PHILADELPHIA (Reuters) - The Pennsylvania board that oversees Philadelphia’s troubled school system voted at a raucous meeting on Thursday to close 23 of the city’s 247 schools to help solve a budget crunch.
The district, the nation’s eighth largest with about 150,000 students, has experienced a reduction of about $400 million in state funding over the last two fiscal years.
Cries of “Shame on you” rang out at a packed meeting of the School Reform Commission as it voted, school-by-school, on a list of a proposed 27 closures.
“I will not lower the quality of my education,” Totiana Myers, a student at Paul Robeson High School in West Philadelphia, told the panel as a crowd of several hundred parents, students and teachers cheered. “I am the future. It is time for the young people to stand up and care about the quality of our education.”
Robeson High was among four schools that will remain open.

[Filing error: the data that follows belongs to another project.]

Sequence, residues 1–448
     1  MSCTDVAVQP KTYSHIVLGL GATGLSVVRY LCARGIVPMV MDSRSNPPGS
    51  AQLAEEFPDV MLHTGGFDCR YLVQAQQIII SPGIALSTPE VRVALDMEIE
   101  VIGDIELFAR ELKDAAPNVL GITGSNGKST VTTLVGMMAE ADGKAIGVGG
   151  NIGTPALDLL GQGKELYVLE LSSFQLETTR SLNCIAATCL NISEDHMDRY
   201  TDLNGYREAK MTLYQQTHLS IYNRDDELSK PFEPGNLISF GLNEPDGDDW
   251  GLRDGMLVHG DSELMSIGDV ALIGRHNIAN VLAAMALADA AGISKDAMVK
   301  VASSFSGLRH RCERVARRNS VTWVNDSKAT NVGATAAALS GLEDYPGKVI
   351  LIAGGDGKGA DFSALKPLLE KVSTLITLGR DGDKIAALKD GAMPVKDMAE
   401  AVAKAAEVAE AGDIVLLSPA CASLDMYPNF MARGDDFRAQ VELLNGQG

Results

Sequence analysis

Police arrested 19 people, including American Federation of Teachers President Randi Weingarten, for disorderly conduct because they were blocking entrances to the meeting room, Police Chief Inspector Joe Sullivan said.
If all 27 schools had been closed, the savings would have amounted to $24.5 million per year, school district spokesman Fernando Gallard said. There was no immediate estimate for the savings from Thursday’s action.
The district has been scraping by after borrowing $300 million to pay its bills for this year, Gallard said. He also said Philadelphia is not alone in considering school closings. He said Chicago is weighing whether to close 70 to 80 schools.
In most cases, the board’s decision was greeted with frustration. Several people spoke out in favor of saving Germantown High School, which serves a mostly working-class neighborhood, but the board voted to shut it down.
But a handful of those speaking out got what they asked for.
Jacqueline Pinkston, a teacher at the Bayard Taylor Elementary School, in North Philadelphia, raised safety issues, saying she was concerned about moving her students into a school with older kids and into a neighborhood she considers dangerous.
“I have numerous safety concerns about moving our smaller children into a school with middle school children the size of grown adults,” she told the panel. “Not only is the school unsafe. But the area the school is located in is not safe either.”
Editing By Edith Honan and Stacey Joyce